Yohimbe / Pausinystalia Yohimbe

Modified on 2009/10/14 21:51 by admin
Yohimbe is a tree bark containing a variety of pharmacologically active chemicals. It is marketed in a number of products for body building and "enchanced male performance." Serious adverse effects, including renal failure, seizures and death, have been reported to the Food & Drug Administration (FDA) with products containing yohimbe and are currently under investigation.

The major identified alkaloid in yohimbe is yohimbine, a chemical that causes vasodilation, thereby lowering blood pressure. Yohimbine is also a prescription drug in the United States. Side effects are well recognized and may include central nervous system stimulation that causes anxiety attacks. At high doses, yohimbine is a monoamine oxidase (MAO) inhibitor. MAO inhibitors can cause serious adverse effects when taken concomitantly with tyramine-containing foods (e.g., liver, cheeses, red wine) or with over-the-counter (OTC) products containing phenylpropanolamine (PPA), such as nasal decongestants and diet aids. Individuals taking yohimbe should be warned to rigorously avoid these foods and OTC products because of the increased likelihood of adverse effects.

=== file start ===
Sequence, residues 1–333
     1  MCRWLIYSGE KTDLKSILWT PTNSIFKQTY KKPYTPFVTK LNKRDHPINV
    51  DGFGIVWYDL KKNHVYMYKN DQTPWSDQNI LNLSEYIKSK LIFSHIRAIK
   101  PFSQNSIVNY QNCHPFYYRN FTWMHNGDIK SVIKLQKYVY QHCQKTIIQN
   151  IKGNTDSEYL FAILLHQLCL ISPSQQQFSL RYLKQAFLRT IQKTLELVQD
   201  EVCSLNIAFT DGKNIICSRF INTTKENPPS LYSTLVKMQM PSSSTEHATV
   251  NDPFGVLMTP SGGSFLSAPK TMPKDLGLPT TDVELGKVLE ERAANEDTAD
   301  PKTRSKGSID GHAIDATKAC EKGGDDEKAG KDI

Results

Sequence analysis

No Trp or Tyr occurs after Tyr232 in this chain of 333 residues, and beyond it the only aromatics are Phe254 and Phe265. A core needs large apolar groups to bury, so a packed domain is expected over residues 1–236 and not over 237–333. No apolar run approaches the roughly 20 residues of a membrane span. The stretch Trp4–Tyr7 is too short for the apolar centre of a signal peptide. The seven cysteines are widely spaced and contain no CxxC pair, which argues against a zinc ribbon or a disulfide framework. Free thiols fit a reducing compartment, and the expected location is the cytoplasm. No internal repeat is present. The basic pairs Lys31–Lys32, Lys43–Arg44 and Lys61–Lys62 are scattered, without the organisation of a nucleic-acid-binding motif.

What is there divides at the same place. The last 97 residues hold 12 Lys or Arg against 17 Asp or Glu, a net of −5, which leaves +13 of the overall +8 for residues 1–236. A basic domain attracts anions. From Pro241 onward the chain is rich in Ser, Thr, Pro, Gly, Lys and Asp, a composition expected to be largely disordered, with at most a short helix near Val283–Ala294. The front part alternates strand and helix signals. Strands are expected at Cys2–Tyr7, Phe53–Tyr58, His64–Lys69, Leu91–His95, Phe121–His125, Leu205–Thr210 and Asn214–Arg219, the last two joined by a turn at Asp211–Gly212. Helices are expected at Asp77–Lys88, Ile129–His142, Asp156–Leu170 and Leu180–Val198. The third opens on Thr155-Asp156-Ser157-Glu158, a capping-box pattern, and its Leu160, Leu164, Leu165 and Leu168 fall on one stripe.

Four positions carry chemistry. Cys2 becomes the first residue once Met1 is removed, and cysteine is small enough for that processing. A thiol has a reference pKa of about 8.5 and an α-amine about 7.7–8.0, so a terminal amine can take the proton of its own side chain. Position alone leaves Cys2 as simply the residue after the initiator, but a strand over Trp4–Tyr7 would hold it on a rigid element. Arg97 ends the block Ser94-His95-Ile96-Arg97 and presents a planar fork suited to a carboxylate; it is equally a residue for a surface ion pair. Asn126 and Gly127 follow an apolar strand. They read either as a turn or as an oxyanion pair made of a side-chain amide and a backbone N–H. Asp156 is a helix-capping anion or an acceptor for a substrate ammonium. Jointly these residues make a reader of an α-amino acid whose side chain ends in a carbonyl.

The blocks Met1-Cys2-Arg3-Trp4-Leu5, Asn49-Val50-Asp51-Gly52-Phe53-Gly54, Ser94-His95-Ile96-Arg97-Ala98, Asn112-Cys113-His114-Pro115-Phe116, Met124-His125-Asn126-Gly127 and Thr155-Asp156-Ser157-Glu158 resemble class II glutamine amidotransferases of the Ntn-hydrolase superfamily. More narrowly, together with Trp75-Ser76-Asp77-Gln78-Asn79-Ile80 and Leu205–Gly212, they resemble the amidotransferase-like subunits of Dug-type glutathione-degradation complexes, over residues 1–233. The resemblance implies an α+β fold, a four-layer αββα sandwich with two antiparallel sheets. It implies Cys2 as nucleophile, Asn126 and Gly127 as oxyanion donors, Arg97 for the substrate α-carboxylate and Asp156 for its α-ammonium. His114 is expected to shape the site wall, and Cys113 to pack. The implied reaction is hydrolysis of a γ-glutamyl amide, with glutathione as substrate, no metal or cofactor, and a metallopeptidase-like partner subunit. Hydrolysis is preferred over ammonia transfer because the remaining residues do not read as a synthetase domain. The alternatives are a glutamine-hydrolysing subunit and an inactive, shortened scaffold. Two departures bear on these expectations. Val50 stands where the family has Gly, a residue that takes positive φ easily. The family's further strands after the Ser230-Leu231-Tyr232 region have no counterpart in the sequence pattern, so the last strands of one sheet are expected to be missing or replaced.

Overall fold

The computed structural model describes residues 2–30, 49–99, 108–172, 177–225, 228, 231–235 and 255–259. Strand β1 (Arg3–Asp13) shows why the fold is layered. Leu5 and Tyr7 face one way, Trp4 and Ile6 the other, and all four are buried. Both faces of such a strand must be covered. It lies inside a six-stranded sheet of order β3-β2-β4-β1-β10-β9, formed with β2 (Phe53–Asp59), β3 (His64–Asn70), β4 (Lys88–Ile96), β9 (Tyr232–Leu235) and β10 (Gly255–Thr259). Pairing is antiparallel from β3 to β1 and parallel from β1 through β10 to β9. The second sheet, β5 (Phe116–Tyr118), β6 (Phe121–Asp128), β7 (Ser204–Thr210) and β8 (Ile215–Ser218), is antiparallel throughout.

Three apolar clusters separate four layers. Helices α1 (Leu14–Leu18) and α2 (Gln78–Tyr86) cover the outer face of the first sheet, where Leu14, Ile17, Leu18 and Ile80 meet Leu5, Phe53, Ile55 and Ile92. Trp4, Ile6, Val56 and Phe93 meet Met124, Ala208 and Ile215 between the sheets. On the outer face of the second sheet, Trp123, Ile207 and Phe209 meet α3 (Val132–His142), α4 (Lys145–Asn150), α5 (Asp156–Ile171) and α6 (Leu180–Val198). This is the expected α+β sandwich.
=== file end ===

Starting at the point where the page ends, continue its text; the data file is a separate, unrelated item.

Yohimbe should also be avoided by individuals with hypotension (low blood pressure), diabetes, and heart, liver or kidney disease. Symptoms of overdosage include weakness and nervous stimulation followed by paralysis, fatigue, stomach disorders, and ultimately death.

See your doctor if you have experienced serious health problems after taking Yohimbe. In addition, it may be important to contact an attorney who can help you protect your legal rights. Please keep in mind that there may be time limits within which you must commence suit.

See Also

  1. Performance Enhancing Supplements: Overview
  2. Anxiety Disorders & Panic Attacks: Overview
  3. Diabetes
  4. Digestive Disorders: Overview
  5. Fatigue: Overview
  6. Heart Problems
  7. Kidney Failure
  8. Liver Failure: Overview
  9. Low Blood Pressure (hypotension): Overview
  10. Paralysis: Overview
  11. Seizures: Overview
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